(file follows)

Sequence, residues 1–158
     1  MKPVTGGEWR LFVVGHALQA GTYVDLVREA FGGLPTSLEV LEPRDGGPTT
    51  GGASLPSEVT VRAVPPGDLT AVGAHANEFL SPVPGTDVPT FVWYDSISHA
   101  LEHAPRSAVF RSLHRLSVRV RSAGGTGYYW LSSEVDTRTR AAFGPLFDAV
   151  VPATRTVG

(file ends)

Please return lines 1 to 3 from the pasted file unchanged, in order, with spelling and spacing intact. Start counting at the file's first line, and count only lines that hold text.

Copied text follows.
Sequence, residues 1–158
     1  MKPVTGGEWR LFVVGHALQA GTYVDLVREA FGGLPTSLEV LEPRDGGPTT
    51  GGASLPSEVT VRAVPPGDLT AVGAHANEFL SPVPGTDVPT FVWYDSISHA